Make sure you’re evaluating the right criteria and never take an advance or a loan that you can’t afford to pay back. You should have a plan in place to pay it off before you apply, and you should incorporate your debt repayments into your regular budget.
When to Consider a Cash Advance
As a general rule, you should only use a cash advance when you’re in an emergency situation and your options are limited. Because of the high interest rates and fees associated with cash advances, they’re not designed to be used for everyday use. You might consider using one when:
- You’re facing an unexpected auto repair that could force you to miss work if you don’t fix it right away.
- You have to take a trip to the emergency room.
- Your furnace breaks down in the dead of winter and you need a quick fix.
If you don’t have the savings to cover it, a cash advance may be able to help you out in these scenarios. You should also remember that you should only take out online loans when you’re sure that you’ll be able to pay it back quickly to avoid accruing interest.
Alternatives to Cash Advances to Maintain Your Credit Score
Does a cash advance hurt your credit score? In many instances, it may have the potential to. Whenever you take out loans online – like installment loans – and your payment activity (which includes non-payments) is reported to a credit bureau, your credit score may be impacted. If you start missing payments, this can have a negative impact on your payment history, which is a significant part of how your credit score is calculated.
Even if you take a cash advance from your credit card and this doesn’t appear as its own item on your credit report, this can affect your credit utilization ratio, which is the amount of debt you have on your revolving credit accounts relative to the amount of available credit you have across all accounts. This can impact the “amounts owed” portion of your credit score. The more of your available credit that you use, the riskier you may seem as a borrower in the eyes of certain lenders.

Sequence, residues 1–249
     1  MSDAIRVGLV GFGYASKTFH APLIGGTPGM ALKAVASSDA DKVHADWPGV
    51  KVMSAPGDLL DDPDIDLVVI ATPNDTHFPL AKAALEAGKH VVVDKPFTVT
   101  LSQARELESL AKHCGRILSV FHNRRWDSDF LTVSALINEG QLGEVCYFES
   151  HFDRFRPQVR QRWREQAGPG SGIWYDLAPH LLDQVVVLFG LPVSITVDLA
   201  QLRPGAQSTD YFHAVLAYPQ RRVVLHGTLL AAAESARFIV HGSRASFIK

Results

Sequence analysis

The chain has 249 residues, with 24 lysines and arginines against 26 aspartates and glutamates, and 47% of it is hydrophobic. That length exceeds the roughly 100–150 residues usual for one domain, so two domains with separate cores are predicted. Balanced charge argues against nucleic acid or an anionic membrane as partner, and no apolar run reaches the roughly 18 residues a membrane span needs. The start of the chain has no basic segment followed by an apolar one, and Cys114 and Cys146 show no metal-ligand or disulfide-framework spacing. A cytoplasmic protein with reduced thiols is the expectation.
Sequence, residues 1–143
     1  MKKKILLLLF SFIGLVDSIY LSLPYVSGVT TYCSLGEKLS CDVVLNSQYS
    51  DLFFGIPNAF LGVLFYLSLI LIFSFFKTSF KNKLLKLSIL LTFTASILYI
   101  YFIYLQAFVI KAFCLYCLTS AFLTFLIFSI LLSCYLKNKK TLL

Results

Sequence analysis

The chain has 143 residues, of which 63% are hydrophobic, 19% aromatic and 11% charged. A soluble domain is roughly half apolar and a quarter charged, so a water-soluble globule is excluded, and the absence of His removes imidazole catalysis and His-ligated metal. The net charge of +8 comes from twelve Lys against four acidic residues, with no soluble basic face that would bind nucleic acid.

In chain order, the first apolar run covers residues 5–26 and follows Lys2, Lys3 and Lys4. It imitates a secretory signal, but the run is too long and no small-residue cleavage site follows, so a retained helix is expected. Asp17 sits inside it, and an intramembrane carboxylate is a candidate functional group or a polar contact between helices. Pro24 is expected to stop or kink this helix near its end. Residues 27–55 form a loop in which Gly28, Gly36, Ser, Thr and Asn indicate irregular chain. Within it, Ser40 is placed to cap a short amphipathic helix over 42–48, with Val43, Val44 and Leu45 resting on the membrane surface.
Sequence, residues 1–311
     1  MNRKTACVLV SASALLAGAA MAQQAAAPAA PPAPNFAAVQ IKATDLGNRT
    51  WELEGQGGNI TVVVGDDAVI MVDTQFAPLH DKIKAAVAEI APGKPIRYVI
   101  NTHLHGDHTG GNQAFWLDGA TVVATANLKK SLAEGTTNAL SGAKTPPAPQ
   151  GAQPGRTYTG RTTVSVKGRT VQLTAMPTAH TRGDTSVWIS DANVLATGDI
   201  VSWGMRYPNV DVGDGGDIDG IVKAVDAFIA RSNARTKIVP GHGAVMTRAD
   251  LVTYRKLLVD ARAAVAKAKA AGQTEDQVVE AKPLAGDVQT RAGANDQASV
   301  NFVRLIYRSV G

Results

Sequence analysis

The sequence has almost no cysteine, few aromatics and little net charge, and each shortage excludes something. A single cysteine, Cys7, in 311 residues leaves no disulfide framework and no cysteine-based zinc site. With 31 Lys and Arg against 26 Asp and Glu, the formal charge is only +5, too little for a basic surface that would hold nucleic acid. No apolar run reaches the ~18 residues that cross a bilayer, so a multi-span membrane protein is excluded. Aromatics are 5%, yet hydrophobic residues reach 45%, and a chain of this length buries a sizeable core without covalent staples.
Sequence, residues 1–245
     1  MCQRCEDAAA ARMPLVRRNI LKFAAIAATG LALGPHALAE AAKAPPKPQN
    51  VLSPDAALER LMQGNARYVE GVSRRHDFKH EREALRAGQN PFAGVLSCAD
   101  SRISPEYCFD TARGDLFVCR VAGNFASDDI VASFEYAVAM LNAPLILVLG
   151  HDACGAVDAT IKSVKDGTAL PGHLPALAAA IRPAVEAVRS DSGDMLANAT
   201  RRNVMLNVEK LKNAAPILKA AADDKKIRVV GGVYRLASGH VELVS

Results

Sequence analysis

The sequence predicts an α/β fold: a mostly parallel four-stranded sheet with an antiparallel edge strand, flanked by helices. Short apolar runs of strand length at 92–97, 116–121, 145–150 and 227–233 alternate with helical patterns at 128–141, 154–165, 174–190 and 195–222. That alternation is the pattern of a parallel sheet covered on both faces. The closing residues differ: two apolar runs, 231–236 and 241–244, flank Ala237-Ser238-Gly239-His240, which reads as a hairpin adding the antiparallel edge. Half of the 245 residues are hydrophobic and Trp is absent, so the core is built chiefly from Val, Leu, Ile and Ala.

If you want to avoid using a cash advance, you may want to consider building up an emergency fund to cover any emergency expenses you may face in the future. This can take time, but if you can manage to incorporate emergency fund contributions into your monthly budget, you may be able to save up enough money to handle the next emergency expense that may come your way. You may also want to think about taking on some odd jobs to boost your emergency fund.
Get More Information on Cash Advances and Your Credit Score
If you’re considering taking a cash advance – or making any major financial decision for that matter – the best thing you can do is to educate yourself on these topics as much as possible. You’re going to want to make informed choices when it comes to your finances, and the implications of taking out a cash advance is no exception.
If you want to brush up on cash advances, credit scores, or other important financial concepts, visit our Financial Articles hub to learn more!